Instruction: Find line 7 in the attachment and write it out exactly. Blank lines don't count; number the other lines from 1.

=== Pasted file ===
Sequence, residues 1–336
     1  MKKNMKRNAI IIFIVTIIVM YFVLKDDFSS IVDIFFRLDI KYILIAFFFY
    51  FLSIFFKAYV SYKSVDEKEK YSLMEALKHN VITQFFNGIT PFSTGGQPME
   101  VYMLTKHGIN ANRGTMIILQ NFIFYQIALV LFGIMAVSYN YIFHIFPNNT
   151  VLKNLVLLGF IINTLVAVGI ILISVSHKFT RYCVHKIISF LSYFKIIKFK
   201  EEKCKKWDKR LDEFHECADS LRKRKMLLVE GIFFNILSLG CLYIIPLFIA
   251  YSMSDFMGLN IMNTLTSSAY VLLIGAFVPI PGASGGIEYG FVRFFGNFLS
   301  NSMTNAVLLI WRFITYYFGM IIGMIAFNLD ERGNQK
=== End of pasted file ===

   251  YSMSDFMGLN IMNTLTSSAY VLLIGAFVPI PGASGGIEYG FVRFFGNFLS